In the U.S., Wu et al’s study on deaths from COVID-19 found a much higher risk of death in areas with higher past average PM2.5 pollution levels. A 1 µg/m3 increase in long-term PM2.5 exposure was associated with an 8% increase in the COVID-19 mortality rate. [5] A previous study by the same author of 60 million Americans who were 65 years or older found that a 1 µg/m3 increase in PM2.5 exposure led to a 0.73% increase in all-cause mortality. This small increase in pollution levels resulted in an 11 times greater increase in all-cause mortality for patients with COVID-19 infection. [6]

This increased risk of severe illness and death in areas with high levels of air pollution is not just associated with COVID-19, but also emerged during the Severe Acute Respiratory Syndrome (SARS) outbreak in 2002-2004 and the 1918 Spanish flu pandemic. [3] During the SARS outbreak, locations in China with a moderate or high long-term air pollution index (API) had a SARS case fatality rate of 126%, 71% higher than locations with a low API. Other studies have shown increased PM2.5 exposure was associated with mortality during the H1N1 influenza pandemic in 2009. [6]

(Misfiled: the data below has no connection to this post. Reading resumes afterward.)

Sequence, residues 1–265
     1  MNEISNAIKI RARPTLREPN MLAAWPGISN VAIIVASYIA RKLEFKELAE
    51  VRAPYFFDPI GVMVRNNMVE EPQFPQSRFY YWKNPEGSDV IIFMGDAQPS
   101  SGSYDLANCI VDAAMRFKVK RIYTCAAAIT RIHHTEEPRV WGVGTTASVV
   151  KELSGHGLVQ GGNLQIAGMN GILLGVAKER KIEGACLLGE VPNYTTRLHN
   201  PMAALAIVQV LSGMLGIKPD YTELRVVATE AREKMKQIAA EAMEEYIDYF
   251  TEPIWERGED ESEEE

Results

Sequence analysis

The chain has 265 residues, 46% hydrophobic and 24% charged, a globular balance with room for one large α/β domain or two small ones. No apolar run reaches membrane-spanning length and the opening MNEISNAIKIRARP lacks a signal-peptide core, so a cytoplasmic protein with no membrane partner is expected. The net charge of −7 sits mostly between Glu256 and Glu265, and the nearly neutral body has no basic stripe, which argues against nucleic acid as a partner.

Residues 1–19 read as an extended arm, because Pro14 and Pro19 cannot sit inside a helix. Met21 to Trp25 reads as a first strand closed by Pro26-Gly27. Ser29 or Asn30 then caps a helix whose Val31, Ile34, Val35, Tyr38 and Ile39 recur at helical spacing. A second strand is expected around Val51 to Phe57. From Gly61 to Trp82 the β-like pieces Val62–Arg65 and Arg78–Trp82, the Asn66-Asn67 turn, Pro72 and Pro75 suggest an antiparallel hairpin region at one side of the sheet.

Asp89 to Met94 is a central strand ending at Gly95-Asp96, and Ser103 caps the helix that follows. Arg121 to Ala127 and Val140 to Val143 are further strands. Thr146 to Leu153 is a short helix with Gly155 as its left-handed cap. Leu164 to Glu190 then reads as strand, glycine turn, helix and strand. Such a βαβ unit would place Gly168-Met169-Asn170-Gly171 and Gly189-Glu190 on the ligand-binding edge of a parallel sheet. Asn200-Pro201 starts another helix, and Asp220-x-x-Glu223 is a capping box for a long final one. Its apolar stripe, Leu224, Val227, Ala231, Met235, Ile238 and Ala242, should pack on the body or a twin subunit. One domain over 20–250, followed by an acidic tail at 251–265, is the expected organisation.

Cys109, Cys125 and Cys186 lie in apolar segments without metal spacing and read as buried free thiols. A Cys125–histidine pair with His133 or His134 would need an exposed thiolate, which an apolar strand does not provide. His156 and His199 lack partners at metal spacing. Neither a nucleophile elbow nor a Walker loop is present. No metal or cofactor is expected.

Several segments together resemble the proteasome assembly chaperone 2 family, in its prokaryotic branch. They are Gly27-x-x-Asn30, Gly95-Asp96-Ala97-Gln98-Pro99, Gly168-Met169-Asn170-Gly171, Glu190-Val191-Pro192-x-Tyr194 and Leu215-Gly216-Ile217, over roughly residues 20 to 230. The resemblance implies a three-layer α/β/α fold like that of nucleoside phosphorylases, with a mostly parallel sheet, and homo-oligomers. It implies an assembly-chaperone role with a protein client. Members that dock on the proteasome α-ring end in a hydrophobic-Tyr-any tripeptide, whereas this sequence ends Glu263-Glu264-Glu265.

A recent meta-analysis by Alqahtani et al examined the severity of symptoms and mortality from COVID-19 in COPD patients. They found that 63% of COPD patients with COVID-19 had severe symptoms compared to 33.4% of COVID-19 patients without COPD. The overall mortality rate in COVID-19 patients with COPD was 60%. [7] A separate meta-analysis by Lippi and Henry studied the severity of symptoms in COPD patients diagnosed with COVID-19 and found that COPD patients had a more than a five-fold increased risk of severe COVID-19 infection (OR 5.69). [8]

Recent figures published on June 15, 2020 by the U.S. Centers for Disease Control and Prevention (CDC) show that hospitalisations were six times higher and deaths were 12 times higher among COVID-19 patients with a reported underlying condition, 17.5% of whom had chronic lung disease. [9]


Current high levels of air pollution around the world are contributing to increased rates of chronic respiratory disease and impaired lung function in people of all ages. Many of the diseases that are caused by long-term exposure to air pollution are the same diseases that increase the risk of severe illness and death in patients with COVID-19. Even a small increase in PM2.5 leads to an increase in the COVID-19 death rate, and failure to reduce levels of air pollution could potentially increase not only infection rates of COVID-19, but the numbers of people who die from the virus in the long-term.

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Meet the Authors & Experts